ATLANTA (AP) – Georgia House Speaker David Ralston died Wednesday at the age of 68, Speaker Kaleb McMichen said, less than two weeks after announcing his retirement because of health concerns.
A statement issued by McMichen said only that Ralston died after “a prolonged illness.” The Blue Ridge Republican became the second most powerful leader in the Georgia state government during his 13-year leadership of the 180-seat House of Representatives.
“A big pine tree has fallen in the Georgia House of Representatives,” said Columbus Democrat Calvin Smyre, the longest-serving member of the House of Representatives and a friend of Ralston’s.
Ralston, an attorney from the mountains of North Georgia, had said he hoped to remain a member of the House after he resigned as speaker.
By the end of the current legislative session in January, House Speaker Pro Tem Jan Jones, a Republican from Milton, will serve as speaker, as required by the state constitution. She will be the first speaker in the history of Georgia. The Republicans nominated Jon Burns from Newington to replace Ralston when the newly elected General Assembly meets on January 9, an effort for continuity supported by Ralston’s closest allies.
“David Ralston spent his public service career lifting others up and advancing our state,” Jones said in a statement. “He knew the great power of bringing people together – arguing together – and finding common ground. Regardless of political ideology, he treated everyone with respect and was a model of courtesy.”
Ralston is survived by his wife, Sheree, and two adult children. Funeral arrangements will be announced later.
As Supreme Leader of the House of Representatives, Ralston shaped taxes, spending and legislation.
In one example, this year he enacted major changes in how private insurers provide mental health benefits and how the state provides mental health services. He could also toss bills in the trash can, stopping a 2019 government takeover of Hartsfield-Jackson Atlanta International Airport.
Ralston was first elected to the Georgia Senate in 1992 when Democrats were in the majority. He lost a race for attorney general to Democrat Thurbert Baker in 1998 before being elected to the House of Representatives in 2002.
Ralston, the longest-serving Speaker of the United States House of Representatives at the time of his death, was cut from the mold of Tom Murphy, the West Georgia Democrat who chaired the House of Representatives from 1973 to 2003. Ralston took office after a chaotic period when the first Republican speaker in over 130 years, Glenn Richardson, resigned after attempting suicide and revealing an extramarital affair with a lobbyist. Ralston lost a bid to speak against Richardson in 2008.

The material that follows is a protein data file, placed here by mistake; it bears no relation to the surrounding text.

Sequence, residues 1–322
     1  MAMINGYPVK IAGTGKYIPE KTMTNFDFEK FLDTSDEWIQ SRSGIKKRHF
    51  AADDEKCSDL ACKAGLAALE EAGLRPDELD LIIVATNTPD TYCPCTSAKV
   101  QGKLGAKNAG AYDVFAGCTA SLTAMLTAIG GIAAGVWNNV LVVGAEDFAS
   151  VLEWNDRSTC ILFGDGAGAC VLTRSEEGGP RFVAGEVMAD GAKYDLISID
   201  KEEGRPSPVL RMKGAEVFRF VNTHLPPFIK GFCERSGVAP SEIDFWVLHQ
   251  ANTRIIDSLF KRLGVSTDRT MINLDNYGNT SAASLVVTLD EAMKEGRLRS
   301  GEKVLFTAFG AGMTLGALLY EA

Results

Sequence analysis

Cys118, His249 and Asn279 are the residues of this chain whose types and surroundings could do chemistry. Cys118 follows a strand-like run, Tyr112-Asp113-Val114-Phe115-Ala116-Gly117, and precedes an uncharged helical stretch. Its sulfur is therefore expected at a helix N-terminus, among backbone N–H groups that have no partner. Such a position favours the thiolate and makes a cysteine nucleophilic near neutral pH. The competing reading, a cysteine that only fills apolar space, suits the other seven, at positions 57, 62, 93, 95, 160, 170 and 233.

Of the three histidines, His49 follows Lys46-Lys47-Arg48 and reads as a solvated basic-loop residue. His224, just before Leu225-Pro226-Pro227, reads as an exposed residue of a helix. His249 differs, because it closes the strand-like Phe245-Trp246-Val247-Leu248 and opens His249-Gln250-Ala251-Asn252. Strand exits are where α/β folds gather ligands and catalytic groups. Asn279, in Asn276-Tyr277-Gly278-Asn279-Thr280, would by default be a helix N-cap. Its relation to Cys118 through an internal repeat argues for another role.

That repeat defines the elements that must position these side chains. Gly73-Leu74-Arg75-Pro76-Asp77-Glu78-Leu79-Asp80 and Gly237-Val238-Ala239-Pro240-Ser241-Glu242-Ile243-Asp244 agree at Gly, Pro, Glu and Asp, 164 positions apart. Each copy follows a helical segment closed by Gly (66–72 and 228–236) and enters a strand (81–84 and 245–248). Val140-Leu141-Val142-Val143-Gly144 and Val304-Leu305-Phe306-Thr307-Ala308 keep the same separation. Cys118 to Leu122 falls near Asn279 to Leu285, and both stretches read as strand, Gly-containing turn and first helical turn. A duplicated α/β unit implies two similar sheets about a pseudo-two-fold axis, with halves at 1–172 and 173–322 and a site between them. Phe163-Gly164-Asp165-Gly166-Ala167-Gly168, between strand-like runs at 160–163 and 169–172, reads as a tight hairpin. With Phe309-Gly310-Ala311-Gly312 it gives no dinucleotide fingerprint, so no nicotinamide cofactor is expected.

“He brought a steady and steady hand to the House of Representatives when it needed a steady and steady hand,” outgoing House Appropriations Committee Chairman Terry England, a maroon Republican and Ralston confidante, said earlier this month when Ralston announced his resignation.
Ralston survived a challenge to his power after the Atlanta Journal Constitution revealed that he had used his position as lawmaker to delay trials for people he represented in court. Most of the hard-nosed Conservatives who rebelled walked out after failing to unseat Ralston, with the speaker defeating some.
Some Republicans saw Ralston as too friendly to Democrats. Ralston has pursued a wide range of Republican priorities and has always been poised to cut taxes, boasting about a state income tax cut passed this year that could ultimately total $2 billion. But he helped salvage a hate crime bill from the purgatory of legislation following the death of Ahmaud Arbery in 2020.
His co-sponsor for this year’s mental health bill was Decatur Democrat Mary Margaret Oliver, one of Ralston’s closest friends in the General Assembly. The close ties to her and Smyre meant that Ralston Democrats could be heard respectfully and sometimes get a little of what they wanted in the legislature.
“In a toxic political environment, his friendship meant the world to me,” tweeted Rep. Scott Holcomb, an Atlanta Democrat, who said Ralston gave him the chance to move significant legislation even if he was in the minority. “We made progress where we could and didn’t hold grudges when we went in different directions.”